A card scraper is one of the most underutilized tools in a modern Workshop. Mostly because they don’t need to be plugged-in. They are especially dismissed as old-fashioned in favor of electric Sanders that fills our lungs with dust and our noses with boogers; nonetheless, you should give the card scraper a second look.
A card scraper can save you a lot of work if you learn to sharpen and use them properly. In this article, I will guide you on how to use a card scraper.
Instructions on Using A Card Scraper
Now, let’s look at some techniques: A card scraper is actually more like a Hand plane than a scraper. You don’t want just to scrape; you would want to shear the wood fiber.
That’s why you will go to such an effort to create a hook on a card scraper edge. That hook should cut the fibers on the surface of the workpiece. And as a result, creating fine shavings and leaving behind a glassy surface.
While working with a card scraper, if you’re only getting dust, you either have to sharpen the scraper, or you’re not using it properly. That’s said, You are going to get some dust; it’s not going to be all fluffy shavings. But if you’re only getting dust, then it’s time to sharpen the scraper.
Holding the Card Scraper
The most common way to use a scraper is to hold it with your thumbs. Hold the card scraper against the center and apply pressure to create a slight bow. Now set the scraper on your workpiece at a forward angle. As you push it across the surface, you can make slight modifications to that angle until you start getting shavings.
Another common technique is to place the heel of your hand in the center while hooking your fingers over the end. This technique will surely help you if your thumbs tend to get tired quickly. Using pressure with the heel of your hand makes it easier to bend thicker scrapers.
If you hold your scraper too close to perpendicular to the workpiece, your hook edge won’t contact wood. Too much angle and that hook will just skip across the surface. End result, only creating dust instead of shavings. It won’t take long till you get a feel for that proper angle.
It’s All about the Bending
You’ll notice that the center of the scraper is doing all the work. The corners aren’t touching wood at all. The more of a bend you put in the scraper, the more aggressive the cut will be at the center.
This allows you to take heavier shavings when working on a particular part of your surface, such as removing tool marks left by a power jointer and planer or to quickly smooth the surface that would otherwise require a lot of time working through different grits of sandpaper.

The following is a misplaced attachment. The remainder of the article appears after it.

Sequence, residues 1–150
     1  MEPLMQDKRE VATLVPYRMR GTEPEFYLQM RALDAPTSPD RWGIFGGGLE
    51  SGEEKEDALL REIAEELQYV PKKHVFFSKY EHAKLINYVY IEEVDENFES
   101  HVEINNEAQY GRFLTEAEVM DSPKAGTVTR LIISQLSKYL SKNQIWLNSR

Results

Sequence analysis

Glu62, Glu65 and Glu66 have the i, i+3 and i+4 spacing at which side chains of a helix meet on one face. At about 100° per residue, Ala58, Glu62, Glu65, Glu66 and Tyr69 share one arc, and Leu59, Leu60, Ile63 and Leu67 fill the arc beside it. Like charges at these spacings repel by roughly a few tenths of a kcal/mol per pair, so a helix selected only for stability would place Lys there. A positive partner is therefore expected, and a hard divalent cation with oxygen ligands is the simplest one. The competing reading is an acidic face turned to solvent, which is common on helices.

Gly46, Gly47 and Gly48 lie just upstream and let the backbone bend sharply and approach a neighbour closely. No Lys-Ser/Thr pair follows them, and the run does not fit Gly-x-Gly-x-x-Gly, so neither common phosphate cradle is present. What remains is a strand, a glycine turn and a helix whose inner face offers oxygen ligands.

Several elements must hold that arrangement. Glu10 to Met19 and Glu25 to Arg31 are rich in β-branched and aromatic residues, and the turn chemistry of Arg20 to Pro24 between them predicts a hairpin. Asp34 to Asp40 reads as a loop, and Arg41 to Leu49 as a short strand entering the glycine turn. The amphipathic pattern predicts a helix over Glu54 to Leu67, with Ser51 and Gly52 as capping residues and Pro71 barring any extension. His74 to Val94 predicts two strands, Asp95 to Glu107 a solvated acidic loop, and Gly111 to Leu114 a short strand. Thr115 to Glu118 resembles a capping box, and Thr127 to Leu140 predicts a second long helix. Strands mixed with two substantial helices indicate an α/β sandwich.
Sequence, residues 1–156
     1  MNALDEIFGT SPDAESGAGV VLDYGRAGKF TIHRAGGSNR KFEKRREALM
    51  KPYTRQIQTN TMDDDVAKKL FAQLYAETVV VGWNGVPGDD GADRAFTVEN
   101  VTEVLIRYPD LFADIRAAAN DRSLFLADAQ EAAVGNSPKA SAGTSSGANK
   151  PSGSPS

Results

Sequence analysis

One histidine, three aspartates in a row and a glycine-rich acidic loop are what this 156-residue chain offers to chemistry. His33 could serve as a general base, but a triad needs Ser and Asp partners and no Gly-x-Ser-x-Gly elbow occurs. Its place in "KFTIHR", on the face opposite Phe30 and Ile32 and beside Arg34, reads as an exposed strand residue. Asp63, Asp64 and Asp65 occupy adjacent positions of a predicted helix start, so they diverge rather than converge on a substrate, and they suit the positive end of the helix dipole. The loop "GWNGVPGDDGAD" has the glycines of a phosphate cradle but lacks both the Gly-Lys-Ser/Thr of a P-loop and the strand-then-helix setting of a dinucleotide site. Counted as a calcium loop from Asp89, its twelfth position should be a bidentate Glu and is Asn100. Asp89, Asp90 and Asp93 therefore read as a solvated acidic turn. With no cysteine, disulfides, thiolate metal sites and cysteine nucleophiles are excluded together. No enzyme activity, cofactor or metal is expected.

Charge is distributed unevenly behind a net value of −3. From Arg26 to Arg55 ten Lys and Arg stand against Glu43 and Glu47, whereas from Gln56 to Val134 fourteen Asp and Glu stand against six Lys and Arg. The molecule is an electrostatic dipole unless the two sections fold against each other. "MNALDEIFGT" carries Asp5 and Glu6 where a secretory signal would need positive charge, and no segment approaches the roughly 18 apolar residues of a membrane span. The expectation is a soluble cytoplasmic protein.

Scrapers come in different thicknesses. If you’re having trouble bending it to the way you want, you can try a thinner one.
You’ll actually be scooping out the wood with a card scraper, leaving a hollow where you scrape. It might be slight, but with the right finishing light, it can be noticeable. You may want to begin with a more aggressive cut and finish leveling out the entire surface with a minimal bend at the center.
Push or Pull the Scraper
I would recommend doing the level with the pulling technique. You need to place fingers along the scrape’s bottom edge, putting a tiny bend in it. Hold it almost perpendicular to the surface, tilting it just enough to keep it from skipping across as you pull it towards yourself. This technique is best done If you rounded off the corners of the card scraper.
As you work, you should also keep an eye on how the light reflects off the surface. This will reveal the low points that need to be a level bit more.
You don’t always have to push the scraper. You can also pull it towards you using your fingertips to create that bend rather than your thumbs. Sometimes it’s nice to switch from push to pull when your thumbs get too tired.
Card Scraper Creating Too Much Heat!
You can also make or purchase Jigs to hold your scraper for you. These are adjustable to the amount of bends that you want. The only downside is that you have to stop and readjust if you’re going to change that bend quite often. One thing they are nice at is protecting your fingers from burns. As you scrape, the friction will generate a lot of heat and actually become too painful to hold barehanded.
Some people place business card sized refrigerator magnets on the scrapers to act as a heat sink; that does help.
Do it Like the Old Times
How do they do it with old buildings before sandpaper was common? They had no choice but to scrap their projects. Did they just have tougher thumbs? No! their solution was much more obvious.
For their project, they sharpen three or four scrapers. If one became too hot, they just dropped it and picked up another one. Since each scraper has at least four edges. Four scrapers gave them 16 cutting edges to wear out before they had to go back and resharpen. Plenty to see them through the entire project without stopping.
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Finally, one of the best reasons for using scrapers is to help you quickly smooth uneven surfaces. Scrapers come in all sorts of shapes and sizes including curves and Hollows. Also, you can even file a profile into them for cleaning up the tear-out. Therefore, there are almost unlimited uses for card scrapers. I believe those who have taken the time to learn how to use a card scraper are always glad they did.